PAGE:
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Dynamic Chiropractic Canada – November 1, 2009, Vol. 02, Issue 06
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Chiropractic for Kids: Getting the Word Out

ICPA study on safety/effectiveness of pediatric chiropractic published.

By Editorial Staff

"The Safety and Effectiveness of Pediatric Chiropractic: A Survey of Chiropractors and Parents in a Practice-Based Research Network," has been published in Explore: The Journal of Science and Healing.

The study, phase one of a project undertaken by the International Chiropractic Pediatric Association (ICPA) as part of its practice-based research network (PBRN), assessed pediatric chiropractic by surveying chiropractors and parents of pediatric patients (18 years of age and younger), revealing high overall satisfaction and near-nonexistent complications and adverse events.

Survey of chiropractors: Data was derived from 577 pediatric clinical cases, with patients ranging in age from less than 1 day to 18 years (average age: 7.45 years). All patients received spinal manipulative therapy at each visit (5,438 total office visits).

According to the study, "wellness care" was the primary reason indicated for care [46 percent of patients, 25 percent of whom reported a specific complaint during their presentation (e.g., colic)]. For condition-based presentations, musculoskeletal conditions were the most common presentations seen (26 percent of patients), and diversified, Gonstead, Thompson and Activator with the most common techniques utilized. Other reasons for care included digestion/elimination problems (7 percent), ear, nose and throat problems (6 percent), neurological problems (6 percent), immune dysfunction (5 percent) and other (4 percent).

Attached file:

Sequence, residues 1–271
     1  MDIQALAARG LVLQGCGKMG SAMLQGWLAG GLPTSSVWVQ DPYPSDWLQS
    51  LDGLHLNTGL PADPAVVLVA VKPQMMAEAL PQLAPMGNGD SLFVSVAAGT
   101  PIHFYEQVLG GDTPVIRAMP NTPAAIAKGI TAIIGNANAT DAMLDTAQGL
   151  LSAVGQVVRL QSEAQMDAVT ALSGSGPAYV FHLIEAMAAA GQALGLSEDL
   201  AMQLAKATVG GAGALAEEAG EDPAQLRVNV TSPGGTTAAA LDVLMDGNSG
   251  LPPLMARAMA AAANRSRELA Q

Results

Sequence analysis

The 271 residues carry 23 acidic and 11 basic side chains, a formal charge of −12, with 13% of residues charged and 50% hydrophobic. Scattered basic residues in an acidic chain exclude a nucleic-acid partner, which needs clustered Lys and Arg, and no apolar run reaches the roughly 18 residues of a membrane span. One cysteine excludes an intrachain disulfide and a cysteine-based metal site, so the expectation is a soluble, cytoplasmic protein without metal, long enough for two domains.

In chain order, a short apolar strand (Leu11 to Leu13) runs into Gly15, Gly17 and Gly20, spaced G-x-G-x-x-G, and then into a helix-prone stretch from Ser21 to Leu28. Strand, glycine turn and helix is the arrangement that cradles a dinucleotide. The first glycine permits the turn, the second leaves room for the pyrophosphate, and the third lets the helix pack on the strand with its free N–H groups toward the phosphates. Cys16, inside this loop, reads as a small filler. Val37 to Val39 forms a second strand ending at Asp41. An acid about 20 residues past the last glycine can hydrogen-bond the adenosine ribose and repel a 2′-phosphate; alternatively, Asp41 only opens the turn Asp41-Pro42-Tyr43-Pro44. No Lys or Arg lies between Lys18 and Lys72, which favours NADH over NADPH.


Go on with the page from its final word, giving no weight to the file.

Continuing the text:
In terms of safety, no treatment-associated complications were indicated by chiropractic or parent responders, and chiropractors indicated only three adverse events in 5,438 office visits involving treatment of 577 children: "muscle stiffness," "spine soreness" and "stiff and sore." The treating chiropractor's response to such treatment-related aggravations was to re-examine the child and apply a different technique, modification of the manipulative technique originally used, or modification of the spinal segment to which the manipulation was applied.

Survey of parents/guardians: Data was derived from 239 children representing a similar number of children (average age: 6.16 years) who made 1,735 total visits to chiropractic offices. In this survey, 47 percent of parents/guardians reported bringing their children in for "wellness care" and musculoskeletal complaints were again the most common condition-based presentation.

Parents indicated two adverse events following chiropractic care: soreness of the child's knee following care to address a knee complaint, and cervical spine stiffness following SMT to address the child's cervical spine dysfunction.

With regard to effectiveness, both chiropractors and parents indicated high rates of improvement following chiropractic care for the children's presenting complaints, as well as "salutary effects unrelated to the children's initial clinical presentation." The most common treatment-associated improvements noted were decreased pain, improved mood and increased immune function. Improvements unrelated to the patients' initial presentation included immune-system improvements, improved sleep and improved emotional state/mood.

In their conclusion, the authors note: "To the best of our knowledge, this is the first study of its kind addressing the safety and effectiveness of pediatric chiropractic SMT in a practice-based research setting. The results of both our practitioner and patient surveys demonstrate a highly perceived effectiveness for pediatric chiropractic care as well as a high level of safety. We advocate continued research in this area with larger prospective cohorts incorporating the co-variates of safety and effectiveness of pediatric SMT."


To find out more about this study and the ICPA Children's PBRN, including plans for phase two, visit www.icpa4kids.com. To order a full-text copy of this study, visit the Explore online site: www.explorejournal.com.

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